Cycling sees massive growth in Sydney

Over the last four years, Australia’s largest city has become an oasis of cyclers, with the number of bike-riding residents increasing more than 130% since 2010.

Over the last four years, Sydney has become a city of cyclers, with the number of bike-riding residents increasing by more than 130% since 2010. Comparatively, it took 10 years to double the number of cyclists in London.

In part, the culture shift came about because of the 110km cycleways network – dedicated cycling lanes that helped provide bikers with safer scenic routes for their daily commute. Starting in Sydney’s city centre and expanding to suburbs such as Alexandria and Pyrmont, the network is on track to reach 200km by 2030. Speciality cafes and improved biking facilities have also contributed to the culture’s growth.

The annual Sydney Rides Festival, taking place until 25 October, showcases the city’s vibrant cycling culture, offering more than 20 events including bike-inspired art exhibitions and cycle-themed film screenings, not to mention free pedal-powered smoothies.

New this year is Sydney Rides the Night, a 25 October event that will see thousands of cyclists tackling a 2.5km course that’s lined with light installations and special effects. “We want all kinds of people to experience Sydney, whether they’re a regular rider, dusting off the bike in the garage or just starting up,” said City of Sydney cycling manager Fiona Campbell.

Family man Mark Ledbury cycles 2.5km daily from his home in Pyrmont to his workplace at The University of Sydney. Although Ledbury has been biking since he was six, he said he’s just now noticing more cyclists on the roads. “The cycle culture is growing fast because it’s being actively encouraged – by new routes, by cycling festivals and events, by new maps and the online culture of cycling,” he said. “People [are] logging rides and suggesting good route tips for other commuters and cyclists.”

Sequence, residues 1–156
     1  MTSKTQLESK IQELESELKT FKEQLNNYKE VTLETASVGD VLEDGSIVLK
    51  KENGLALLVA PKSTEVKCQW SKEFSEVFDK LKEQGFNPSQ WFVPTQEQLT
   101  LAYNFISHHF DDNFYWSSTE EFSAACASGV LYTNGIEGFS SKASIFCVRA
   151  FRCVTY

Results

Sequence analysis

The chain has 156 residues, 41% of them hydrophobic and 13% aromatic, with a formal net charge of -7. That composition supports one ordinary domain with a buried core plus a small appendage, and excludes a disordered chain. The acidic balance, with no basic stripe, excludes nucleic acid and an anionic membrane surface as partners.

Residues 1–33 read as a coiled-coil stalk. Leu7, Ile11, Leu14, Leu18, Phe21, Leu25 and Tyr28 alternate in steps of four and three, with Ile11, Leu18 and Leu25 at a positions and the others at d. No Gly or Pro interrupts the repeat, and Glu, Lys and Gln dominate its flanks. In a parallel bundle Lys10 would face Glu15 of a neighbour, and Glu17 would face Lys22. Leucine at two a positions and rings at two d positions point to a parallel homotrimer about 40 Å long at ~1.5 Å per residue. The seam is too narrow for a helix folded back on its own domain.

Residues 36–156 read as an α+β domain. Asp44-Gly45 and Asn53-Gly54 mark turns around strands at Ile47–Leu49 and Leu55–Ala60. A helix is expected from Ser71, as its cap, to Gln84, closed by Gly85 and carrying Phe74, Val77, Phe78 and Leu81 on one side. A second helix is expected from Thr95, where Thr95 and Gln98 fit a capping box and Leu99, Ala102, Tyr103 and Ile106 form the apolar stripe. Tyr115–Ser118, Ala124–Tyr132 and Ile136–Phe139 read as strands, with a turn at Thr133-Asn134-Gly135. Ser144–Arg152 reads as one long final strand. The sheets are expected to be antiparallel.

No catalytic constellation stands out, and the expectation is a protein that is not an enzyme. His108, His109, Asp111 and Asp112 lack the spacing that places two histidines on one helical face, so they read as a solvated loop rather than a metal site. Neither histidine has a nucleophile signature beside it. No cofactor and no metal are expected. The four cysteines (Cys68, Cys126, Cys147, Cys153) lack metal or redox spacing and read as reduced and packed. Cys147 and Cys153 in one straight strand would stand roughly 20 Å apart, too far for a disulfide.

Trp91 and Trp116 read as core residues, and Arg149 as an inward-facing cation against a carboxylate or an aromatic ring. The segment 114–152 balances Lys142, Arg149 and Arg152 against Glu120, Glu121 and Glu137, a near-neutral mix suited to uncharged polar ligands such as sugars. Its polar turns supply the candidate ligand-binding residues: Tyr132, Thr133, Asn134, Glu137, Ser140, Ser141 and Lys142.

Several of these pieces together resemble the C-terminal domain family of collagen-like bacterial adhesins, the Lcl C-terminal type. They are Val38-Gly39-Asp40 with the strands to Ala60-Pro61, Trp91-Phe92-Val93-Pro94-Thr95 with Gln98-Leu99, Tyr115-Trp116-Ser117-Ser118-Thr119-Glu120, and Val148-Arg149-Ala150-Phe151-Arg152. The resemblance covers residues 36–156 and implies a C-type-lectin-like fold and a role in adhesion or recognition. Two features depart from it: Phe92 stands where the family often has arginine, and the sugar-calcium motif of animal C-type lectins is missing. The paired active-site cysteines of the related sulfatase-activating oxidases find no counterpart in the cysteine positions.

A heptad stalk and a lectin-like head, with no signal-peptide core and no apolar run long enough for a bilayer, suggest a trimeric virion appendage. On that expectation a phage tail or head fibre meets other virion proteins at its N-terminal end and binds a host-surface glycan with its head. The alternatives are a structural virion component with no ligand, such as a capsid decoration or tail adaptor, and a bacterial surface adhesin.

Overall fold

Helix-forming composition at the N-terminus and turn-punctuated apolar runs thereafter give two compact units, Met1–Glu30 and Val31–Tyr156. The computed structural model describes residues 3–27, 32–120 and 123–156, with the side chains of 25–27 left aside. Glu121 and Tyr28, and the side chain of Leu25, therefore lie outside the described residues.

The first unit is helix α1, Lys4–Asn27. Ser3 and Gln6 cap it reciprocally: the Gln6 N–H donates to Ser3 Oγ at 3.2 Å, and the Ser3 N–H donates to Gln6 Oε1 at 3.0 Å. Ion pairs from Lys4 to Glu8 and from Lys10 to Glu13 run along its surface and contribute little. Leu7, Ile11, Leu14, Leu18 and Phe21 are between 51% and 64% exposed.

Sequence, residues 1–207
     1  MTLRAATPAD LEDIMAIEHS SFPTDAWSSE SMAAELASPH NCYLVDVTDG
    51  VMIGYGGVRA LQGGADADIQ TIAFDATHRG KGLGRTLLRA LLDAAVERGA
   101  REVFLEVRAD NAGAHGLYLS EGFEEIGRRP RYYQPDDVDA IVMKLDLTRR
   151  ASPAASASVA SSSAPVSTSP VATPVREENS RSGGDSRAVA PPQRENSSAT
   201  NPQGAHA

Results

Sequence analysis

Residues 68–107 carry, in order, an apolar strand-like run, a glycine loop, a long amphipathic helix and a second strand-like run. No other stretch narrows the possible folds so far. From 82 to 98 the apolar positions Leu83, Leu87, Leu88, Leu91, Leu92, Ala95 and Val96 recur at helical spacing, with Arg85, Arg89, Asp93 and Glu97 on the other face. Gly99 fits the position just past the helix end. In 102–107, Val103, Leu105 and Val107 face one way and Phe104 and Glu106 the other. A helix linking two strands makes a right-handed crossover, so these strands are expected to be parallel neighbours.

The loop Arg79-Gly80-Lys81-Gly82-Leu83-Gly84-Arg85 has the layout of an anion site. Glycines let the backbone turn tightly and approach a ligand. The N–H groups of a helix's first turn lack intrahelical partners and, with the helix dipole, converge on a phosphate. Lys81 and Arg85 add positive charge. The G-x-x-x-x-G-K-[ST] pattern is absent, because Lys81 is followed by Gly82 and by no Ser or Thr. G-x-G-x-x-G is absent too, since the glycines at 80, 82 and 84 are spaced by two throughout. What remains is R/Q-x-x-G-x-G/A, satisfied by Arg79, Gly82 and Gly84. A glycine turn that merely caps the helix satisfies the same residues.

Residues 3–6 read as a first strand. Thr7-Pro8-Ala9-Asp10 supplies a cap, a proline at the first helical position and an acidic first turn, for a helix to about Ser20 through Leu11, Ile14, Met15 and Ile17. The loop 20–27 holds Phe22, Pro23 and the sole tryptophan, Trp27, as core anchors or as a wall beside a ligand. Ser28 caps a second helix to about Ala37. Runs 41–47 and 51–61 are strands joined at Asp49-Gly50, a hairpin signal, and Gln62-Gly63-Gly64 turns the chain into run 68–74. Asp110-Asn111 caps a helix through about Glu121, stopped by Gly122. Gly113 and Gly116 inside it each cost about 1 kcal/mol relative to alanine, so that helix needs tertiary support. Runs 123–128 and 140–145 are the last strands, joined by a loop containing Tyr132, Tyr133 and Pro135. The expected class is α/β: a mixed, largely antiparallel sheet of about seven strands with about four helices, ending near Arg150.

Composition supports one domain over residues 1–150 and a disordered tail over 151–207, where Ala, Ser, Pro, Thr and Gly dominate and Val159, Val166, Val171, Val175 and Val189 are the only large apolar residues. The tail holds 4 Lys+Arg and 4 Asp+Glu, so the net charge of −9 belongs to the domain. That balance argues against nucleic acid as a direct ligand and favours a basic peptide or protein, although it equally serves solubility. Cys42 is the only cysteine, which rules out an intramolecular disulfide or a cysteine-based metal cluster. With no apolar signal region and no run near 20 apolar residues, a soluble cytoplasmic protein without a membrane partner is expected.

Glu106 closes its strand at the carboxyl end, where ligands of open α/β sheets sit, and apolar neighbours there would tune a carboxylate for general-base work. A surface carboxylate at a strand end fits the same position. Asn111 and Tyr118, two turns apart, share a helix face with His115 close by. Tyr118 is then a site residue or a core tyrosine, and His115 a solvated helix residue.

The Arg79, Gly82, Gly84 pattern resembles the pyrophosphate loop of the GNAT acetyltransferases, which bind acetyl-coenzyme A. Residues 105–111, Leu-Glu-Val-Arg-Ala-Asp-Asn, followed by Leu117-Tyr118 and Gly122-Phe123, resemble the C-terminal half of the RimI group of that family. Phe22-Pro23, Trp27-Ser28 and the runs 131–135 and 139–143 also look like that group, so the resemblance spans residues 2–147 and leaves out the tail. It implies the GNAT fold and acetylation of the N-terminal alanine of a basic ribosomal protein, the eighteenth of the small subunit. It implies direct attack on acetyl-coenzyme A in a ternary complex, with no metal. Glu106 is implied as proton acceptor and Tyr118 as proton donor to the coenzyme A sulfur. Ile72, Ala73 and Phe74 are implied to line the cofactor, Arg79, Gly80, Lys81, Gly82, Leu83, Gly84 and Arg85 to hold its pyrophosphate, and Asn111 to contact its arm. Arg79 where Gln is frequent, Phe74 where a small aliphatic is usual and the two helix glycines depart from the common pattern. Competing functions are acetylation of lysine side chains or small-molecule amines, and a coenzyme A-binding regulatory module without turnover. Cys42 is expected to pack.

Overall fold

David Donald, passionate cyclist and organiser of the Sydney Rides’ Cycle-O-Rama (a bicycle-themed exhibition at the artsy bike-design space Protohub), doesn’t cycle simply to get from point A to point B; he said it’s a way to connect with his creative side. Since starting to cycle at the age of 17, Donald has owned more than 100 bikes (he’s never owned a car) and now he modifies bikes as well, occasionally showcasing his creations at exhibitions. “I worked out [that] I could use my love of cycling as a creative outlet,” he said. “To me it’s about promoting cycling in a different way and making it more accessible to the general public.”

And that promotion is working. Visit the Sydney Park Cycling Centre in St Peters on the weekend and you’ll see the smiling faces of kids learning to cycle, confidently whizzing past on colourful bikes. The track has been used for cycling courses and bike education since 2003, and even has a functioning traffic light to teach children how to cycle safely on roads. Of course, with the expanding cycleways network and the continued growth in cycling culture, the next generations may be biking through a very different Sydney.

Tatyana Leonov is the Sydney Localite for BBC Travel